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Pirates top Brewers to regain first place

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Tom Haudricourt
Milwaukee Journal Sentinel
September 2, 2013

The way things have gone on the field for the Milwaukee Brewers over the long Labor Day weekend, the more interesting news Monday afternoon came after the game.

The Brewers announced they were recalling right-hander Johnny Hellweg and first baseman/outfielder Sean Halton from Class AAA Nashville, and also purchasing the contract of right-hander Jimmy Nelson from that club.

In news that mattered only to the Pittsburgh Pirates, they took a 5-2 victory over the Brewers at Miller Park. The victory moved the Pirates (80-57) back into sole possession of first place in the National League Central and within one victory of putting an end to their heinous 20-year losing streak. But at this point they are preparing to fry much bigger fish.

Hellweg will join the starting rotation at some point, though manager Ron Roenicke didn't specify the date of his first start. Hellweg fared poorly in a brief trial before the all-star break (10.97 earned run average in four games, including three starts) but returned to Nashville to put the finishing touches on a Pacific Coast League pitcher of the year campaign in which he went 12-5 with a 3.15 ERA in 23 starts.

Nelson, 24, is a starting pitcher, but Roenicke said he would work out of the Brewers' bullpen for the present. Nelson began the year at Class AA Huntsville, going 5-4 with a 2.74 ERA in 12 starts before moving up to Nashville, where he was 5-6 with a 3.67 ERA in 15 outings.

“If we can slide him in and get him a start that would be good, but I'm not sure yet,” said Roenicke.

Halton, coming up for the third time this year, will give the Brewers decision-makers—and fans—somebody else to watch at first base other than Juan Francisco, who has five hits in his last 40 at-bats.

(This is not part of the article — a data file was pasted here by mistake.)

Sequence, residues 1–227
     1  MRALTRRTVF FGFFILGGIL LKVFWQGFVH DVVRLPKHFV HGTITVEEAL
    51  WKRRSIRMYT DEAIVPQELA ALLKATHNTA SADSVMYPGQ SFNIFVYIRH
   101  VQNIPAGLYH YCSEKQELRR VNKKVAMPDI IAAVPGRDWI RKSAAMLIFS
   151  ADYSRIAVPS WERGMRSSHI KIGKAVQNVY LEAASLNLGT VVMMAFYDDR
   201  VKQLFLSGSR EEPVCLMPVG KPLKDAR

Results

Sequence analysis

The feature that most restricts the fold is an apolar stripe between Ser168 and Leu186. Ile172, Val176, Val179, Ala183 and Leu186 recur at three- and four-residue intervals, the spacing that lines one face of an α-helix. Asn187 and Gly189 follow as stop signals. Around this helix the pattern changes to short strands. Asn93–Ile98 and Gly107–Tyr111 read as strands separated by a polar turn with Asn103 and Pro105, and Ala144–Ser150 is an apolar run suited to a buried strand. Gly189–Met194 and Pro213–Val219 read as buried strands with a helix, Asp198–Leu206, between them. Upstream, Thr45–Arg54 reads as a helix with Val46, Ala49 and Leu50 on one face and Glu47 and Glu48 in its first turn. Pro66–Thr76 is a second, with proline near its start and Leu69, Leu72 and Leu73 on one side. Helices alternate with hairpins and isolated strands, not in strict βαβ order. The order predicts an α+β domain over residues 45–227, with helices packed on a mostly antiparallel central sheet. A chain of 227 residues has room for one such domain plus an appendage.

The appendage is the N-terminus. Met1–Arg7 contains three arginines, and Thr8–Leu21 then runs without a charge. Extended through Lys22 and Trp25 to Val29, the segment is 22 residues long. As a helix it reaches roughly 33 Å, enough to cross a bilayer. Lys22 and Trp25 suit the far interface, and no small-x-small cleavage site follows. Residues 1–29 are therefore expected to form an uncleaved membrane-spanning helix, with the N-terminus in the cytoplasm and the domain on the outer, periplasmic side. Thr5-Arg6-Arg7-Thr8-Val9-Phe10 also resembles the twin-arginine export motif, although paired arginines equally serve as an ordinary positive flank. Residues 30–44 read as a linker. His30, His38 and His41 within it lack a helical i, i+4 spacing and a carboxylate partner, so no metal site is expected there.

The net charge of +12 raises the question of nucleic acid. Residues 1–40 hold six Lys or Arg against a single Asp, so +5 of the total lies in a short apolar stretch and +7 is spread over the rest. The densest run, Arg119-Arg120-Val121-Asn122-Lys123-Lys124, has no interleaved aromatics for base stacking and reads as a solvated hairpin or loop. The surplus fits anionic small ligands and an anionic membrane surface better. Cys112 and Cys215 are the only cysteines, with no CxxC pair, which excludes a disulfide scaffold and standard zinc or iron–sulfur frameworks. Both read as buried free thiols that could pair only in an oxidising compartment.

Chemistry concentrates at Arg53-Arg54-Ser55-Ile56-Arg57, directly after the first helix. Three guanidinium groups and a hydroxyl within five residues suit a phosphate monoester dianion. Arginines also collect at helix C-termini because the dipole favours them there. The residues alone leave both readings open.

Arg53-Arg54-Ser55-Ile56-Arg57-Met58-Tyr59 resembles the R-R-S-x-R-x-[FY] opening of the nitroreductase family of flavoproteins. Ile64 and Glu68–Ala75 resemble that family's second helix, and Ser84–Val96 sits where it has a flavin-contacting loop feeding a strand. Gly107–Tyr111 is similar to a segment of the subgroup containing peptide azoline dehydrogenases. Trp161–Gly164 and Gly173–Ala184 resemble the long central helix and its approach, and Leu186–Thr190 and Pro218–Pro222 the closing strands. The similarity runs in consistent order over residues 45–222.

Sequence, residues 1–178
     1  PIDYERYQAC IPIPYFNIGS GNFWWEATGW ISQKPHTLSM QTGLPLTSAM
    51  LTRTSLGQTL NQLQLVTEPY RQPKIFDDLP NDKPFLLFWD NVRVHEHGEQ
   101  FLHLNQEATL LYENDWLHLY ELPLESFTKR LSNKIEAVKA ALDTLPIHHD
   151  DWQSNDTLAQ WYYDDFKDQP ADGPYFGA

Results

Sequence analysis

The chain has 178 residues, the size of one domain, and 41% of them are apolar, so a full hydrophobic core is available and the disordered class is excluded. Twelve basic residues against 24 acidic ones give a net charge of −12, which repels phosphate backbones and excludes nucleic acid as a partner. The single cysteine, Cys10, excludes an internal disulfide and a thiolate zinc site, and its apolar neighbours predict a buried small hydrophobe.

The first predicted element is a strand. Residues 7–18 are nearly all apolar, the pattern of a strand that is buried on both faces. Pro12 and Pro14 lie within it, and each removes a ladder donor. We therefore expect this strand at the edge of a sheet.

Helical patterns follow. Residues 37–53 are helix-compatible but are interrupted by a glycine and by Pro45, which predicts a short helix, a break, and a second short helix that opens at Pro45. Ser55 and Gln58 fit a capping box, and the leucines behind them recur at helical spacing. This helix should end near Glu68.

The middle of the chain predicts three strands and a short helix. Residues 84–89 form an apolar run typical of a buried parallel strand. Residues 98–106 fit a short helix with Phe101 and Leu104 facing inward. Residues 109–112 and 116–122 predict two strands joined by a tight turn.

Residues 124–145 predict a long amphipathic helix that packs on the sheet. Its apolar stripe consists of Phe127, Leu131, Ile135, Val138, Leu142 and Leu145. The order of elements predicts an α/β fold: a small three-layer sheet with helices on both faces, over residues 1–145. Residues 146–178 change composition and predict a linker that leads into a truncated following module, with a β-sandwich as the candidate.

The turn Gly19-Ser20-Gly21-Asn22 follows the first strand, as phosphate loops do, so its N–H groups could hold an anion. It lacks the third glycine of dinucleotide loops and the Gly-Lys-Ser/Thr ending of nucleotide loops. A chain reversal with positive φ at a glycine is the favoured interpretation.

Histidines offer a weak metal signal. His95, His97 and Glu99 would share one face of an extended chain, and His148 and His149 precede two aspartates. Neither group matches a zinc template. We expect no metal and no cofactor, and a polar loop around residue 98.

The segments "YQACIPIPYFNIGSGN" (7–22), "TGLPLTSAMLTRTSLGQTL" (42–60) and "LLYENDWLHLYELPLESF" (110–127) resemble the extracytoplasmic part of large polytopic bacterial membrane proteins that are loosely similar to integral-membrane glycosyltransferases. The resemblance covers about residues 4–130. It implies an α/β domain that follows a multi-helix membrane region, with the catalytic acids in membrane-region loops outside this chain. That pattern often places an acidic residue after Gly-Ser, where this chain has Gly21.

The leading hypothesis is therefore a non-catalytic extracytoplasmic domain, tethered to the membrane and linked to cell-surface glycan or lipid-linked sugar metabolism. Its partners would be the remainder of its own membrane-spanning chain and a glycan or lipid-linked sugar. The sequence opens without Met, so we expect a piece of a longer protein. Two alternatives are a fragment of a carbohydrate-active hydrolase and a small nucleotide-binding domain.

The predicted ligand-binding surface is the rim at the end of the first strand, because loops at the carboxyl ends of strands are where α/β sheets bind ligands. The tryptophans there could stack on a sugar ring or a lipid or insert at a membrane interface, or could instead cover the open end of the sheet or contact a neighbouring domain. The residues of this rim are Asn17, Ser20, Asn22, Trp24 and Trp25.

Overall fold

Another young player the Brewers plan to continue to look at is right-hander Tyler Thornburg, who acquitted himself well in a return to the rotation against the Pirates. Thornburg allowed six hits and two runs over six innings, giving him a 1.13 ERA in four starts this season.

“I felt pretty good going out there,” said Thornburg, who walked three and struck out four. “My changeup was really good today, so we stuck with it for a while. You're definitely happy any time you give your team a chance to win the ball game.”

Pittsburgh starter Charlie Morton had other plans, however. For the second consecutive start, he controlled the Brewers' bats, allowing one earned run over seven innings. Last Wednesday at PNC Park, Morton held them to an unearned run over 6 2/3 innings in a 7-1 romp.

“He's really good,” Roenicke said after his team fell to 0-4 on the homestand. “He throws a great sinker, pounds the right-handers in with it. He's always down in the (strike) zone. He's got a good curveball and a good changeup. That's a really nice pitcher to have.”

Morton had only one clean inning—the sixth, when he struck out the side—but made pitches when necessary. The Brewers went 1-for-11 with runners in scoring position, which proved to be the difference in the game.

No. 3 hitter Jonathan Lucroy, who has been solid (.312) throughout the season with runners in scoring position, went 0-for4 in those situations against Morton. With a runner on third and one out in the third inning, he bounced into a double play that featured curious base-running, and struck out with a run in, a runner on third and two down in the seventh as the last batter faced by Morton.

“We lacked the big hit,” said Roenicke, whose team once again napped under the sun, falling to 14-31 in day games.



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